Will China's malaise spread to the U.S. economy?

Strong U.S. employment growth stands in stark contrast to Chinese market woes.

Robert Johnson, CFA 11 January, 2016 | 6:00PM
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This week's market action was really all about China. The pain was widespread, as most equity markets were down 6%-9% since Dec. 31, 2015--drops that look more like monthly or even annual data.

As one might guess, China problems had the most knock-on effect on other emerging markets, which were down 9%. Europe and the U.S. were both down about 6%. With new fears out of the Middle East and colder weather in the central U.S., commodities did the best of a very bad lot, falling "just" 4%. Of course, safe-haven bets and slower world growth outlooks drove the interest rate on 10-year U.S. Treasuries down from 2.27% to 2.13% since the end of 2015, making bonds the only real winner this week.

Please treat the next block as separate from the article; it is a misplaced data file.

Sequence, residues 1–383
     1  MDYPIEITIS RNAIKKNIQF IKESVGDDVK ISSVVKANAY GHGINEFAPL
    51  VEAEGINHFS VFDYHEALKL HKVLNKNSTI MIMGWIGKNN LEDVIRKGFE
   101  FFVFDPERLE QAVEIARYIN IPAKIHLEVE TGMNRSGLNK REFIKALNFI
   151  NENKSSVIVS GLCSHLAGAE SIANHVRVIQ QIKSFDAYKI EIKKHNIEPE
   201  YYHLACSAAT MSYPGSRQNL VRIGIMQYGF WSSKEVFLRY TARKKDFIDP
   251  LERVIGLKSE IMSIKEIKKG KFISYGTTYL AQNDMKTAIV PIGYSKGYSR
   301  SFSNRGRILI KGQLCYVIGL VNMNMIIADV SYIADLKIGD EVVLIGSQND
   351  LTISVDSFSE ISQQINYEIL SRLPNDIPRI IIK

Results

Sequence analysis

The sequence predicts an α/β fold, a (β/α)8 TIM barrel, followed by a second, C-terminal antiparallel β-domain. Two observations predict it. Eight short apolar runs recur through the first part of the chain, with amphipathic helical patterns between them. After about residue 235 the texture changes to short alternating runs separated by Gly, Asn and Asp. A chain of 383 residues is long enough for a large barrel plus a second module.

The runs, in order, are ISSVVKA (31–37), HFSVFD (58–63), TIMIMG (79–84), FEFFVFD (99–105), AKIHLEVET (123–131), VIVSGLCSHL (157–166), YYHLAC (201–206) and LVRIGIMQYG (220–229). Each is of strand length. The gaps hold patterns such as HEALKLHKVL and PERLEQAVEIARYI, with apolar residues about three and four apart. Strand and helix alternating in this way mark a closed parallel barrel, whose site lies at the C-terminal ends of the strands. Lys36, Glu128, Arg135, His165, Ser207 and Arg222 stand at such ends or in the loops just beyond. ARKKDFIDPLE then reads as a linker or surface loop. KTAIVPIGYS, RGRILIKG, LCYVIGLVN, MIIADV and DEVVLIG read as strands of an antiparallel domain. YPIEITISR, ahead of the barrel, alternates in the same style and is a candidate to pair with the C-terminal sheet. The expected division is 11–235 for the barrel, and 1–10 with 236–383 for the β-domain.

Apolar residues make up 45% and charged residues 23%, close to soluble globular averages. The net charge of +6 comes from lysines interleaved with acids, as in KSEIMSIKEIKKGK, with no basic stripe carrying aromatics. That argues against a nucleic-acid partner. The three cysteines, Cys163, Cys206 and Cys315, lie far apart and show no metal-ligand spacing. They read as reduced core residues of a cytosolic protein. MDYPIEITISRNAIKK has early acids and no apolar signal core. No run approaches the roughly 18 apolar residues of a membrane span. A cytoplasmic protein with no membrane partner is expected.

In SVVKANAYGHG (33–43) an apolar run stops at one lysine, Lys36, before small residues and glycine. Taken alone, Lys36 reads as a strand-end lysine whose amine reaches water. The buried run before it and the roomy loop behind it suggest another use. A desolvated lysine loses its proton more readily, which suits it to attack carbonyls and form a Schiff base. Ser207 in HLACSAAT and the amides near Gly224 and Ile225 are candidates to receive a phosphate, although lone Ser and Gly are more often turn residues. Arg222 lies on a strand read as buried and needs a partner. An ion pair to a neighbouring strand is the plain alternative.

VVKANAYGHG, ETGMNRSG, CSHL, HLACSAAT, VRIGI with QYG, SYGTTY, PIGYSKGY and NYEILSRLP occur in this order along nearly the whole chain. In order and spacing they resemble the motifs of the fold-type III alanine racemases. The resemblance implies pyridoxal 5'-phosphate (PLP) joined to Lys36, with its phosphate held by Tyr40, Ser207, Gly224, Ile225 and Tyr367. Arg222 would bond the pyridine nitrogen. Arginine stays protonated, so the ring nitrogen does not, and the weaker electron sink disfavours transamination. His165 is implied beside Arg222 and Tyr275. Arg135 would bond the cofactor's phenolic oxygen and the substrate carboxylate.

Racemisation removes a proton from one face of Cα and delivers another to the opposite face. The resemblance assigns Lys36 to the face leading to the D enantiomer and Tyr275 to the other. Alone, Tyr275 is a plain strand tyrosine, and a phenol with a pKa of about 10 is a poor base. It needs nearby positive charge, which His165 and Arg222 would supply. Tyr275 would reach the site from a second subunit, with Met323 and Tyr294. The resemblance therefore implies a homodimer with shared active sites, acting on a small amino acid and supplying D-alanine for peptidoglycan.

Data out of China indicated that the Chinese economic malaise hasn't been broken. And like the oil industry, the China issue will probably be modestly worse than expected and last longer than thought just a few months ago. There's no quick rebound in the cards, either. That fact was driven home by a pair of purchasing manager reports that resumed their declines in December after a couple of more promising months.

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Robert Johnson, CFA

Robert Johnson, CFA  Robert Johnson, CFA, is director of economic analysis for Morningstar.

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